I got a bunch of pushback on my blog post about Gary Shapiro’s Declaration of Innovation. People are somehow equating the idea of recapturing spectrum from the broadcast television industry as an encroachment on our 1st Amendment rights. But this has very little to do with the 1st Amendment. The issue can be illustrated by this question, “By 2020, do we want to be the best broadcast country in the world or the best broadband country in the world.” Being the world’s best one-to-many broadcasters may help us in some ways. Being the best broadband country in the world will set the stage for the United States to become an Information Age superpower. We have to choose, because the electromagnetic spectrum suitable for these purposes is a scarce resource.
The fact is, if you are worrying about Freedom of Speech, you should be one of the loudest voices on Mr. Shapiro’s side of the issue. Broadband connectivity gives each and every connected person and each and every connected device more global reach than a television station. If power to the people is your goal — individual broadband connectivity is the most democratic, egalitarian empowerment program we have in our world.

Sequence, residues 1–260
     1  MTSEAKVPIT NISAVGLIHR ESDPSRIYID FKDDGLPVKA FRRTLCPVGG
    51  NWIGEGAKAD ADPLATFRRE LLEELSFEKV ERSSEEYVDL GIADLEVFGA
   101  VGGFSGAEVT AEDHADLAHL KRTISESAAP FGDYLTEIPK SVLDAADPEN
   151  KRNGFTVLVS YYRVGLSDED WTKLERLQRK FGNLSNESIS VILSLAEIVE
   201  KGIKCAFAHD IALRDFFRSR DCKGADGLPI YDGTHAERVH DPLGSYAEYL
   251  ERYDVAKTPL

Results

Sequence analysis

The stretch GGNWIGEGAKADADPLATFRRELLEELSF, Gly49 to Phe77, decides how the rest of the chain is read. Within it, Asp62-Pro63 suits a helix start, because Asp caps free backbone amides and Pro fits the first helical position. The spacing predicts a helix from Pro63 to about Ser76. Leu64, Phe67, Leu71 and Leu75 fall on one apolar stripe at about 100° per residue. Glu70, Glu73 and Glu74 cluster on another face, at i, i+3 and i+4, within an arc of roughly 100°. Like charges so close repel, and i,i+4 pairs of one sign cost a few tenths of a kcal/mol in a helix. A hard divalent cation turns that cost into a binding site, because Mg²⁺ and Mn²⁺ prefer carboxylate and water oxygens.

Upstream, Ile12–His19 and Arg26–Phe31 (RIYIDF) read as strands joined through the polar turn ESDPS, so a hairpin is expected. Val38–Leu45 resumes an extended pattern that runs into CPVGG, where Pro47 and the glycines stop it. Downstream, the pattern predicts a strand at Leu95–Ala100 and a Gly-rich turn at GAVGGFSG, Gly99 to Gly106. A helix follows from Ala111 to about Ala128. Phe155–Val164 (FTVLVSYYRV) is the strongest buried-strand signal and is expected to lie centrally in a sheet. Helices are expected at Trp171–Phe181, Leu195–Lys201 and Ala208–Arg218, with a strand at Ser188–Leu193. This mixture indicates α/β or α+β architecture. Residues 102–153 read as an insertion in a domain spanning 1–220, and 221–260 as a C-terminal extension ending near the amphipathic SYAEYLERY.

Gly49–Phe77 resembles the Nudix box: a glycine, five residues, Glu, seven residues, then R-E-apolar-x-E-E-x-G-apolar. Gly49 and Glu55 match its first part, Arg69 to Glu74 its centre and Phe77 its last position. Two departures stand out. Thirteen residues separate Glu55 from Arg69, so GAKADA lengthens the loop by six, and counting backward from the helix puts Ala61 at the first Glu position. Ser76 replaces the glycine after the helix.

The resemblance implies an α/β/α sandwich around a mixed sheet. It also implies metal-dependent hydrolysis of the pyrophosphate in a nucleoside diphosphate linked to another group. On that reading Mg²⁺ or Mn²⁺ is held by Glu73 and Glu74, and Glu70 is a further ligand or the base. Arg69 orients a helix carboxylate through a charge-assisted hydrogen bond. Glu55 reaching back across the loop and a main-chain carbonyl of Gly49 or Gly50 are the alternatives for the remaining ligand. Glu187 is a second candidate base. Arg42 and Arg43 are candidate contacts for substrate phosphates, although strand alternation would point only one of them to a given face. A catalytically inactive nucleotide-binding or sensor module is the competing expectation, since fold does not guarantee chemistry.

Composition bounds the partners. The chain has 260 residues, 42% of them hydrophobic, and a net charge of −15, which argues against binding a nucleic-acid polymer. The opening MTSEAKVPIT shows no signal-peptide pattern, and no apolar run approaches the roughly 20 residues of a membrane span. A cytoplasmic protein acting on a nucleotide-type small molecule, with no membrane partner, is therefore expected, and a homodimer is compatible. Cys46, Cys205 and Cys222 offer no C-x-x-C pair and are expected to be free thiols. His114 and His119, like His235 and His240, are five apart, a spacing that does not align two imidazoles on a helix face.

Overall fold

Want a case study? Ask why Hosni Mubarak tried to shut down the Internet in Egypt? It was social media over wired and wireless broadband that allowed people to self-organize and be heard. That is free speech. Taking over Egyptian TV stations would not have yielded anything like the same result.
I have been in the television business my whole career and I truly love the industry. Television the art form is alive and well. This is a question about the future of television the platform and how much over-the-air bandwidth allocation is appropriate in the 21st century. It is a technical question and it requires more than soundbite attention. Please learn about the issue and decide for yourself. Check out fcc.gov and ce.org for more info.